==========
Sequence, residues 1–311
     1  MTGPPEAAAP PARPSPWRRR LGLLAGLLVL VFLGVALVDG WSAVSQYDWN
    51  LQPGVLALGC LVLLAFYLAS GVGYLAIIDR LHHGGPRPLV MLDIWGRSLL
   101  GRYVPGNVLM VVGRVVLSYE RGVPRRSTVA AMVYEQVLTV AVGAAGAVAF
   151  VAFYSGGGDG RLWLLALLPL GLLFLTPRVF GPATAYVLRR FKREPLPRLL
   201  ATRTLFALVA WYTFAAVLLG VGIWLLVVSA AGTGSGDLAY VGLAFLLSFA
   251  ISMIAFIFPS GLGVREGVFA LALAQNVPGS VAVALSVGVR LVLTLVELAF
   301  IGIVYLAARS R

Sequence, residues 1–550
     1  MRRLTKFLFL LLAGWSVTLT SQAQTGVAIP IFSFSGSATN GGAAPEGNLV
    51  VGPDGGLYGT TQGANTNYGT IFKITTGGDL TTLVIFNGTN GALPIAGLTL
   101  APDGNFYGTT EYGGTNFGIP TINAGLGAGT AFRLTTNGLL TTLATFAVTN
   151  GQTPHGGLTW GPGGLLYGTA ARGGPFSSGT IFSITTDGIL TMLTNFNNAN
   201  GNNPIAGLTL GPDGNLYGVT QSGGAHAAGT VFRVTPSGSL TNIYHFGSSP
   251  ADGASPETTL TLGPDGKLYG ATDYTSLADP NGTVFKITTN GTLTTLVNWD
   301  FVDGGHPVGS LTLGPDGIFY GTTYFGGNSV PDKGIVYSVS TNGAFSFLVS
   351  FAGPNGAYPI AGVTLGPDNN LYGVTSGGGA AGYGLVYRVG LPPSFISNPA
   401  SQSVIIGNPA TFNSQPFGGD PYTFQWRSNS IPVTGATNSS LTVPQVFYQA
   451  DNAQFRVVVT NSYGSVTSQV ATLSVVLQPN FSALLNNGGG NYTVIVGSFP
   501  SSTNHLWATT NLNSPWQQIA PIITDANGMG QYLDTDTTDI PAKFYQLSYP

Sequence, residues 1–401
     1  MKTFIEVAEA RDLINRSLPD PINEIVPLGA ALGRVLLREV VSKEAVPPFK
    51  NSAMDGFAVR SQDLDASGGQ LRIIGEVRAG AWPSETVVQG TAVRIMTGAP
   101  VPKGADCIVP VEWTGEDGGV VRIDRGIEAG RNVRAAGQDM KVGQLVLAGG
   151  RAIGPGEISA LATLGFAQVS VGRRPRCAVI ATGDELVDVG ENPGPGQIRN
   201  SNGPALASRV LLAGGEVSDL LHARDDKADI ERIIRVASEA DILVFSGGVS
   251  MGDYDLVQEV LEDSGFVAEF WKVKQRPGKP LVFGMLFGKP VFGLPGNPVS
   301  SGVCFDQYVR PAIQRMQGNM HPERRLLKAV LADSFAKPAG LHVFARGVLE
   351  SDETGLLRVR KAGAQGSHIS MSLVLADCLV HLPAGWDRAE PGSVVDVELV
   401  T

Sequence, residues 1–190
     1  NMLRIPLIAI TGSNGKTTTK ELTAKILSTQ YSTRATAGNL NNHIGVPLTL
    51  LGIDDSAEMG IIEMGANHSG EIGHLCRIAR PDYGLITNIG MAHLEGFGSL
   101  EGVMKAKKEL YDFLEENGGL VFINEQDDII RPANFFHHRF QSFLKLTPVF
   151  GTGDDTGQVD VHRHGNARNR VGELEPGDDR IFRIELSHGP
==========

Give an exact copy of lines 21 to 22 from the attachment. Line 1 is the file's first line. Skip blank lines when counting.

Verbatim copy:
Sequence, residues 1–401
     1  MKTFIEVAEA RDLINRSLPD PINEIVPLGA ALGRVLLREV VSKEAVPPFK